I locate the idea of privacy—what Louis Brandeis called “the right to be let alone”—in our creaturely resistance to being interfered with, used, or penetrated against our will. For me, the roots of privacy are as much in our physical bodies as in our legal traditions, and I see those roots intertwined with the human capacity to resist. The fiercest kinds of resistance, be they personal or national, are always in response to forced occupation. It is no surprise that all imperial projects, be they totalitarian regimes, abusive households, or authoritarian institutions, strive to reduce the privacy of their subordinate members. Hand me that diary right now, missy! Bend from the waist and spread your cheeks, prisoner! Such demands are not made solely to discover an intention to resist; they are also made to destroy the will to resist. Strip someone of all his privacy and you have as good as stripped him of his sense of agency.Video Title: Conference: Can We Have Some Privacy? Source: ICI Berlin Institute for Cultural Inquiry. Date Published: June 10, 2015. Description:
As for your question of “how” our willingness to resist the invasion of our privacy is being worn down, I would say first of all that the erosion encompasses more than our loss of privacy. The erosion of private life (your boss requires you to have your cell phone on at all times), the erosion of the legacy of organized labor—these are parts of the same whole. The “how” is perhaps best understood by contemplating how one tames an animal: through a mixture of fear and irresistible convenience. Here is the whip, and here is all this nice grain in the trough. For fear, we have the threat of terrorism, the shaky economy—all real enough. For convenience, we have an array of gadgets that offer a fussy kind of privacy (no need to ask directions of lowly gas-station attendants if you have a GPS) even as they make surveillance of us easier. For absurdity, we have the notion that the best way to combat “terrorist threats from within and without” is to turn citizens into sheep.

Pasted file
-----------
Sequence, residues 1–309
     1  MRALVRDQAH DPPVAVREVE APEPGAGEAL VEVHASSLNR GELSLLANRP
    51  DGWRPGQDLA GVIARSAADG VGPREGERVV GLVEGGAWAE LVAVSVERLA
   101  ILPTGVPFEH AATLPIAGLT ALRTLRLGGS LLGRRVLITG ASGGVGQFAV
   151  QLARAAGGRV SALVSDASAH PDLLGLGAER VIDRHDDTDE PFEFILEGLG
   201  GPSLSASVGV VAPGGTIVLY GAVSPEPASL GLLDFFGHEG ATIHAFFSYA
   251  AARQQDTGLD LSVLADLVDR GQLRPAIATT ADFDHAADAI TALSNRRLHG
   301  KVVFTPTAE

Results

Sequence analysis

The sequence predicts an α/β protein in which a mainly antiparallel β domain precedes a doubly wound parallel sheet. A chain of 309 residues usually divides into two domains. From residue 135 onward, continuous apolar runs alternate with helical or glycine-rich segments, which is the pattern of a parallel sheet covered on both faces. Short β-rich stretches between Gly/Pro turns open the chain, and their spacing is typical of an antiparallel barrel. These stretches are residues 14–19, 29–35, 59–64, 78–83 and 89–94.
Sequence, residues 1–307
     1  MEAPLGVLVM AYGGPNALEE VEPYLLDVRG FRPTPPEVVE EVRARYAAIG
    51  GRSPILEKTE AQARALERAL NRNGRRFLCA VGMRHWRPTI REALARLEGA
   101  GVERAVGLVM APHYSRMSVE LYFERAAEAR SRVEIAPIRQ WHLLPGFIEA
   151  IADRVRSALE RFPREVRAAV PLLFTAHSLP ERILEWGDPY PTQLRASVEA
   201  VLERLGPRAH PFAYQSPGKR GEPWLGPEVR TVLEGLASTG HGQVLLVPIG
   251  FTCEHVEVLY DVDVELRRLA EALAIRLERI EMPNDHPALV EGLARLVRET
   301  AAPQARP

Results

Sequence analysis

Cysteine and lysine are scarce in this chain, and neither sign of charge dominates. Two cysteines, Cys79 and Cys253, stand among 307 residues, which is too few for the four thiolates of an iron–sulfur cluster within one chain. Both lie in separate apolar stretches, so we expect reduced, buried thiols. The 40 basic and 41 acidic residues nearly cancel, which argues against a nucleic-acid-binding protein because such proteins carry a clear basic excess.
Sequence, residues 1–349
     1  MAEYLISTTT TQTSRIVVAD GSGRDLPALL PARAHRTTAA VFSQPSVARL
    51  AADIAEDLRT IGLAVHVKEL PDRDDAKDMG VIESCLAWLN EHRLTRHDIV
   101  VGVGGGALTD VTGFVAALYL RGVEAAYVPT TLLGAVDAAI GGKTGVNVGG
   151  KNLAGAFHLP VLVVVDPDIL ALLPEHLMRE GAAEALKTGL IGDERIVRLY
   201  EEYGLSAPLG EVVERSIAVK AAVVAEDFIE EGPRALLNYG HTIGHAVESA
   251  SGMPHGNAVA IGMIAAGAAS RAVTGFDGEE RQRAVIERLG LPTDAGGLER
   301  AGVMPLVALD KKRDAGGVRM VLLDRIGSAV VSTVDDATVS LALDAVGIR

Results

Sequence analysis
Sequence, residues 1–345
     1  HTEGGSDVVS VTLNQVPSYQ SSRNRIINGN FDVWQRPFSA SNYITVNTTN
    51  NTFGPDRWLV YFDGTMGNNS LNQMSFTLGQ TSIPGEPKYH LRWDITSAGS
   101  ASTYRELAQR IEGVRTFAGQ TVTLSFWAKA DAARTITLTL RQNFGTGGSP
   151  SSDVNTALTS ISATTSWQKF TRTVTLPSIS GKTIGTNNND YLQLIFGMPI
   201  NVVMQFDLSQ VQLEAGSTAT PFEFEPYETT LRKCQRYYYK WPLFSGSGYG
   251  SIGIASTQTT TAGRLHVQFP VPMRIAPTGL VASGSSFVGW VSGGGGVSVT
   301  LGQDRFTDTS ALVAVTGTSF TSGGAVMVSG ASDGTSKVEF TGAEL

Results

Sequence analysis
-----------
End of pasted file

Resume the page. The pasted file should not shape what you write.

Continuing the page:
ConferenceWatch the full video here.
Can We Have Some Privacy?
Scott Horton and Tom Keenan
May 7, 2015
Privacy, as its English usage suggests, is a place and a possession as much as an idea or abstract right—a physical realm supposedly separate from public view. In a world in which technology permeates the personal, the everyday, the intimate, what meaning does this value have? Where privacy is voluntarily surrendered, what is it worth to individuals? And where the internet makes possible mass surveillance, what protections are there for the space, and the experience, of privacy? This conference examines not only the legal arrangements affecting privacy—and the time-lag between law and technological advance—but privacy as a philosophical concept and a cultural tenet. What divisions of activity and status created the idea of “privacy” in the first instance? Is it a disappearing value, or is its erosion a source of crisis? Does the sheer extensiveness of the surveillance enabled by technologies of communication cancel the significance of such monitoring, or generate new forms of persecution?
The international conference was a cooperation between Bard College Berlin - A Liberal Arts University, the Center for Civic Engagement, the ICI Berlin, and the Hannah Arendt Center at Bard College in New York. With support from the Zeit-Stiftung.